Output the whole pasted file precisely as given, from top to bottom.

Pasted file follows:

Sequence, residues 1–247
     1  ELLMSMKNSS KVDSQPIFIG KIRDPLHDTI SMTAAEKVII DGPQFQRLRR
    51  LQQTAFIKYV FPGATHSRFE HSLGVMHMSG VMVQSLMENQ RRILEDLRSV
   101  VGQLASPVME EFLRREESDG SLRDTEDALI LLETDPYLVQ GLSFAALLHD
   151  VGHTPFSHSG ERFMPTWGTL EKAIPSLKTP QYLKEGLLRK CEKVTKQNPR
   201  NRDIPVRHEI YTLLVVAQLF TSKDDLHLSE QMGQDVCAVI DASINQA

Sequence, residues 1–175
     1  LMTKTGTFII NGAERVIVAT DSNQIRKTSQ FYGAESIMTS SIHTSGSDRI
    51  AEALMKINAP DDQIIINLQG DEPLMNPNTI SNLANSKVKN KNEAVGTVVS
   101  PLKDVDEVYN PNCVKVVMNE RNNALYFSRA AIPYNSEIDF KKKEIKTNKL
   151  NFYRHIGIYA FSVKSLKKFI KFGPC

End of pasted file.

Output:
Sequence, residues 1–247
     1  ELLMSMKNSS KVDSQPIFIG KIRDPLHDTI SMTAAEKVII DGPQFQRLRR
    51  LQQTAFIKYV FPGATHSRFE HSLGVMHMSG VMVQSLMENQ RRILEDLRSV
   101  VGQLASPVME EFLRREESDG SLRDTEDALI LLETDPYLVQ GLSFAALLHD
   151  VGHTPFSHSG ERFMPTWGTL EKAIPSLKTP QYLKEGLLRK CEKVTKQNPR
   201  NRDIPVRHEI YTLLVVAQLF TSKDDLHLSE QMGQDVCAVI DASINQA

Sequence, residues 1–175
     1  LMTKTGTFII NGAERVIVAT DSNQIRKTSQ FYGAESIMTS SIHTSGSDRI
    51  AEALMKINAP DDQIIINLQG DEPLMNPNTI SNLANSKVKN KNEAVGTVVS
   101  PLKDVDEVYN PNCVKVVMNE RNNALYFSRA AIPYNSEIDF KKKEIKTNKL
   151  NFYRHIGIYA FSVKSLKKFI KFGPC